Again, Fodor’s aim in this piece is made clear; unsettled by the claims of evolutionary psychology he aims to cut the head off the “adaptationist snake”, for if natural selection doesn’t even exert an influence on phenotypes (or frequencies of genes in populations that express those phenotypes) how can it influence our mental evolution? This is significant in terms of Fodor’s point in that he’s not suggesting that natural selection occurs but is not significant, but rather than natural selection doesn’t occur at all (although a more accurate statement might be that he doesn’t consider natural selection at all, regardless of whether it occurs or not). This is clearly absurd and runs counter to direct observations of nature. Take the case of the Blue Moon Butterfly, Hypolimnas bolina, for example. According to research published in Science this past JulyAccording to research published in Science this past JulyAccording to research published in Science this past July, a strain of Wolbachia bacteria wiped out 99% of the males of the butterfly species by 2001, but that 1% of remaining males was important in that it was resistant to the bacteria. The resistant males, facing little to no competition for mates, were able to pass on their resistance to the next generation and as of 2005 (about the time of 10 generations) the male/female ratio in the butterfly populations is close to 1:1 again. This is a classic example of natural selection at work, variation already present in a population allowing some members to have greater reproductive success than others (in this case because those that were not resistant to the bacteria died and hence could not mate), passing along the variation that was favorable under the given conditions. I could understand if Fodor called into question the significance of such selection events, but to deny that they occur at all is a bit strange, to put it mildly.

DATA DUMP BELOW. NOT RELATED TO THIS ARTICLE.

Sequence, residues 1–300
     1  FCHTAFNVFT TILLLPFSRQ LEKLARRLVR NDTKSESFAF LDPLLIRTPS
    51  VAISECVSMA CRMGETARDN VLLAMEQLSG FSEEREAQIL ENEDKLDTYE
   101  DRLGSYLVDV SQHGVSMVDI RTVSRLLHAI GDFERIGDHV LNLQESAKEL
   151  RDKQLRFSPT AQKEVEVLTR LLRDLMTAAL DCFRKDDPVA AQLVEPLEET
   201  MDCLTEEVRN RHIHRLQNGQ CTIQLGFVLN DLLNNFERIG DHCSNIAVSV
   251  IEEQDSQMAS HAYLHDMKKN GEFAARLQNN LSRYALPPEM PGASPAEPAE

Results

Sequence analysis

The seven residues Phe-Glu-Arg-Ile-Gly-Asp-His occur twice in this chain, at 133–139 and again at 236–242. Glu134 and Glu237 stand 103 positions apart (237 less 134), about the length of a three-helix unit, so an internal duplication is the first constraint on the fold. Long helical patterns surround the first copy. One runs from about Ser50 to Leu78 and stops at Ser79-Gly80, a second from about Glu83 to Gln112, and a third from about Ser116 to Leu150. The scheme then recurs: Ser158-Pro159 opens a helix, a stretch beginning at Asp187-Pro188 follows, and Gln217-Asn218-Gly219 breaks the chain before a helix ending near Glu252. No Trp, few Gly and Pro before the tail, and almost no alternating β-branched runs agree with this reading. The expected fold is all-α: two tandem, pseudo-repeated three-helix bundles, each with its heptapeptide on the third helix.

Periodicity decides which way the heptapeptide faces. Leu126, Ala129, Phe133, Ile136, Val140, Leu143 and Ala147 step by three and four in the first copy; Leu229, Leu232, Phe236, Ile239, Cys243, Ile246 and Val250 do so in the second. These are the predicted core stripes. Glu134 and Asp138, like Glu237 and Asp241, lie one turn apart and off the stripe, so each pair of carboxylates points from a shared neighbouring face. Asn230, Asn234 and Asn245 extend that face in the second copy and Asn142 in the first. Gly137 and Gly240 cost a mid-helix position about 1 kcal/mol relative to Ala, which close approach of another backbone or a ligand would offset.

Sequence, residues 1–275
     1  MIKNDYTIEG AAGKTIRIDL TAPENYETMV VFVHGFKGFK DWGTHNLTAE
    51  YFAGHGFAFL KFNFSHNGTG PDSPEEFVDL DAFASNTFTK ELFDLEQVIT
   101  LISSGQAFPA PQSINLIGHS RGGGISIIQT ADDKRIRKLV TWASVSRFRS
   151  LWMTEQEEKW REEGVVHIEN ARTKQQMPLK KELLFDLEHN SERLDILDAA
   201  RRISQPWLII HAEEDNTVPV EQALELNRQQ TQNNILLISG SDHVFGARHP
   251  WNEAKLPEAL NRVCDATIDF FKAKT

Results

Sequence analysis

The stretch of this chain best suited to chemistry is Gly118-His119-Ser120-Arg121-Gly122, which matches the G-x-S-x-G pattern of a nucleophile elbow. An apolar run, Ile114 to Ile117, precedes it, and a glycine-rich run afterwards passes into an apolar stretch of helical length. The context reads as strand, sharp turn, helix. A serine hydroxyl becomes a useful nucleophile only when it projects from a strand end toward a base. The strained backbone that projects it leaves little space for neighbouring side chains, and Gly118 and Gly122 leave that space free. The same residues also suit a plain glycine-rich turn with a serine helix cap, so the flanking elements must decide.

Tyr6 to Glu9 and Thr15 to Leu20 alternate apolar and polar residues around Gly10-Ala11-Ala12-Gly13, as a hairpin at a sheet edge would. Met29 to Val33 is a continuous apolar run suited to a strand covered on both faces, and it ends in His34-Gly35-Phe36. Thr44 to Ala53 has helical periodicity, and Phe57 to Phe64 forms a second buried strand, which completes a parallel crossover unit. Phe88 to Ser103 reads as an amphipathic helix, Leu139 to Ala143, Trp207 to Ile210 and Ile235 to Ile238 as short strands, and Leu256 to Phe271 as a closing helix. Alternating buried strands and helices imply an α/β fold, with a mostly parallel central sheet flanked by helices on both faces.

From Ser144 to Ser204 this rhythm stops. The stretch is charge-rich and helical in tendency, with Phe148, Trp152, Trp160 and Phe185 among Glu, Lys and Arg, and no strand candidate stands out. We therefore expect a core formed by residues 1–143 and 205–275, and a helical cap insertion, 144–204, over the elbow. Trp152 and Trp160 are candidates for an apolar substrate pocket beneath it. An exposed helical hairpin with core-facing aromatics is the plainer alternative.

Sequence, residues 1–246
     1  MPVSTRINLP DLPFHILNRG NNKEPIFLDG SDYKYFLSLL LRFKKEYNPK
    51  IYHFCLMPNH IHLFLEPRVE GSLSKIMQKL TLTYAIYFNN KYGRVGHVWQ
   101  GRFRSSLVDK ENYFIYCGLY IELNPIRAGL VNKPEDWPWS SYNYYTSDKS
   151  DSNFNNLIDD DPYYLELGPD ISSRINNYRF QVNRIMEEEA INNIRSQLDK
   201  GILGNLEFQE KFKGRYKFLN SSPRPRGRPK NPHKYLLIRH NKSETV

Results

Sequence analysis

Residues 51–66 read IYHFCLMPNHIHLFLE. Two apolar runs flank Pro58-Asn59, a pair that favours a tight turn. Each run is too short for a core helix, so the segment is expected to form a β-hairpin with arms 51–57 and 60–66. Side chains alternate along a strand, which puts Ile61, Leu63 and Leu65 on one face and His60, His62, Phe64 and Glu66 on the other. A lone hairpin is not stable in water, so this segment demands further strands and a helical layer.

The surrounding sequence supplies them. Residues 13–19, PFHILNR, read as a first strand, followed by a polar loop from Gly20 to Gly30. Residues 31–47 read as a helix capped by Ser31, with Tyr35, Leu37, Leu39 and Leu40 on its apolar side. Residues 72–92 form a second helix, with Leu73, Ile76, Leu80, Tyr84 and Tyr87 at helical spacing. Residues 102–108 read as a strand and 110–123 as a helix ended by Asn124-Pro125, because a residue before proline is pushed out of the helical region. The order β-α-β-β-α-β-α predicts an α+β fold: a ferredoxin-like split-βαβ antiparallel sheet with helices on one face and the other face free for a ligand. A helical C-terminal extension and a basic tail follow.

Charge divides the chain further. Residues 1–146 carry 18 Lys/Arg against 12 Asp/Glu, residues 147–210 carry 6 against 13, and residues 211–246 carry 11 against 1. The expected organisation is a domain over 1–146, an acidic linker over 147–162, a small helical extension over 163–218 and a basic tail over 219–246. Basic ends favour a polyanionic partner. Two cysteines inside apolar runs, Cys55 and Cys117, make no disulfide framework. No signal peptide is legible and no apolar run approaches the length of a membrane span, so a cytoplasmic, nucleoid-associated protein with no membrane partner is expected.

Fodor picks a more abstract example to illustrate his point how strict adaptationism (looking at a particular trait in terms of what it was selected for) doesn’t work. He asks;
…were polar bears selected for being white or for matching their environment? Search me; and search any kind of adaptationism I’ve heard of. Nor am I holding my breath till one comes along.
The question Fodor poses is a bit bizarre in that he doesn’t seem to have fully thought it through. The advantages for an animal being white in a habitat that is primarily that color are clear, but under what circumstances would a polar bear be selected to be white regardless of its ecology? I’m not even going to get into the fact that polar bears have black skin and white hair (something overlooked by Fodor), but it seems that in his attempt to knock down this particular straw man he swung and missed entirely. Fodor then moves on to the subject from which the article gains its name, a discussion of the non-existence of winged pigs, extinct or extant. The airborne ham argument is as follows;